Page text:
EDITORIAL

Validation in adult education – citizen’s right or a bugbear of achievement society

Editorial. How do you prove that you have a certain skill? This is the question on everyone’s lips in the field of non-formal or liberal adult education. My question was, do I really have to?

28.03.2019

Most people working within the field of liberal or non-formal adult education recognise the type.

It’s usually someone over the age of 50 whose hobby is not, say, writing, lace-making or playing instruments but studying them. Year after year, these people, the vast majority of whom are women, attend adult education classes and keep the adult education organisations going.

Well, here’s a fun fact about me: I may not be middle-aged yet but I’m definitely one of these people. I have a serious addiction to non-formal learning. I’ve enrolled in Finnish adult education institutes to paint, sing, play instruments, make crazy artistic videos, take nude self-portraits, learn photoshop and Arabic and write novels.

In a world where our performances are constantly being measured and evaluated, the last thing I want is someone to come and give me a grade for my painting.

Nevertheless, my first reaction to the ongoing discussion about validation in adult education was “Et tu, Brute?”

I have never needed that and – sitting in the classes mostly with people in their fifties or sixties – I didn’t think others would either.

On the contrary, I like attending non-formal adult education exactly for the opposite reasons. In a world where our performances – even our personalities – are constantly being measured and evaluated in all sectors of our lives, the last thing I want is someone to come and give me a grade for my painting (which by the way would not be good, since I’m a terrible painter, and that sometimes is the whole point of it).

I saw this excitement with validation as some sort of a plot against the last remaining sphere of my life, where I could enjoy doing things just for the sake of them.

I started asking myself, have we so internalised the mindsets of a modern society obsessed with achievements that we need a framed diploma on our wall to tell us that we can do something?

AFTER DOING SOME RESEARCH for this theme issue, I realised two things.

The first is that talking with different members of the magazine’s editorial team confirmed that there are people who think along the same lines as me. Not having to evaluate, measure and give grades is an attraction thing, at least to some people who work in adult education institutes.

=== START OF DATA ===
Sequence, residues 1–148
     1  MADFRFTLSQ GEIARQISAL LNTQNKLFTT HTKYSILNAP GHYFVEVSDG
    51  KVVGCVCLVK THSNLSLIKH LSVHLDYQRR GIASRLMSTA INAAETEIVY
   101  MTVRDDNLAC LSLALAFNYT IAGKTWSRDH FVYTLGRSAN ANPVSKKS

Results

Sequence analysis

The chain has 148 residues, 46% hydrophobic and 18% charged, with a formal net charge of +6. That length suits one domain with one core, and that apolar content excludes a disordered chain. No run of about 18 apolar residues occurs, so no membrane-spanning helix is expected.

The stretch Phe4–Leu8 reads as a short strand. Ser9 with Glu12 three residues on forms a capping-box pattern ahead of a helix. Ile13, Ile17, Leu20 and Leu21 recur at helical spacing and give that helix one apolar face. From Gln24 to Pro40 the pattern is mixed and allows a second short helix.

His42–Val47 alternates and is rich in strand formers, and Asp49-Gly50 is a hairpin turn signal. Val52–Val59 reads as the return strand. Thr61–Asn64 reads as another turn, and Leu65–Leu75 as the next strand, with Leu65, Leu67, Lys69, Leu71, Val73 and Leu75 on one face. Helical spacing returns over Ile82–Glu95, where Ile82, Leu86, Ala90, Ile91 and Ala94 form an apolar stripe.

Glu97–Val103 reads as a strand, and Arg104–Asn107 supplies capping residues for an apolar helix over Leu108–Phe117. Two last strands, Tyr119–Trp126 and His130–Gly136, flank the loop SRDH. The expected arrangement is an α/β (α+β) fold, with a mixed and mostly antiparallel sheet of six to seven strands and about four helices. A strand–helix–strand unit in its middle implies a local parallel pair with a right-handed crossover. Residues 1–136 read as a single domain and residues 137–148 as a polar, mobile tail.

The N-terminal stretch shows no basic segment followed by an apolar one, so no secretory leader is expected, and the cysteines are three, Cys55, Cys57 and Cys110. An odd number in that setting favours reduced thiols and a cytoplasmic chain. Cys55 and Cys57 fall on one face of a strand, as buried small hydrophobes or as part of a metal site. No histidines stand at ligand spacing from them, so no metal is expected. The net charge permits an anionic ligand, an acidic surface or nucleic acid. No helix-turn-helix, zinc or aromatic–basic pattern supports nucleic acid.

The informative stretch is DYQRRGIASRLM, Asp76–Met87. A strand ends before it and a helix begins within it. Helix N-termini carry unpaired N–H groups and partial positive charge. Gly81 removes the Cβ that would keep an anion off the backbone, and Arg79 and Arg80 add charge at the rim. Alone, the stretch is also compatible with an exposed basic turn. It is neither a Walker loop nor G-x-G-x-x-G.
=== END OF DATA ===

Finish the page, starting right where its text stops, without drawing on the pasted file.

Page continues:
Also, one of the interviewees of this issue, French HR Consultant and learning technology expert Serge Ravet, calls for recognition instead of validation.

“If learning is validated by an institute, people feel like they are back in school. It is important for validation to be initiated by the people themselves,” he says in the interview.

But secondly, and more importantly perhaps, working with this issue served as a reminder that adult education answers many kinds of needs in the modern world. A well-formed overview of the situation and its flaws is presented in the flagship article of the theme issue.

The societal importance of adult education in all its forms is growing and will continue to do so.

The strength of adult education, especially non-formal, lies in its flexibility. It can have a role in, say, teaching basic skills to stay-at-home refugee mothers, upskilling employees in an ever-changing working life and supporting a career shift when someone’s entire profession is made redundant. For these examples and many more, if anything the societal importance of adult education in all its forms is growing and will continue to do so.

The good thing about the validation of non-formal and informal learning is therefore that, when done systematically, it makes visible the full range of knowledge and competences held by an individual, irrespective of where or how they have been acquired.

In short, validation can help countries overcome the skill gap, help with immigrant integration, help with workforce mobility in the EU, and boost the economy. It may also boost the self-esteem and motivation of learners.

What we need is motivating solutions that are up to date. We also need to ask questions about staff qualifications, as is pointed out in on article. You see, adult education also tends to be non-formal in the sense of staff prerequisites: teachers are generally not required to have qualifications.

Then finally, answers to many more questions will be needed when establishing a validation system, including what exactly should be measured (namely presence or skills), do learners have a right to a certificate and, if so, should the certificate of learning be included in the price of the course?

The lesson I take home is that it is easy to talk about the intrinsic value of learning when holding a master’s thesis.

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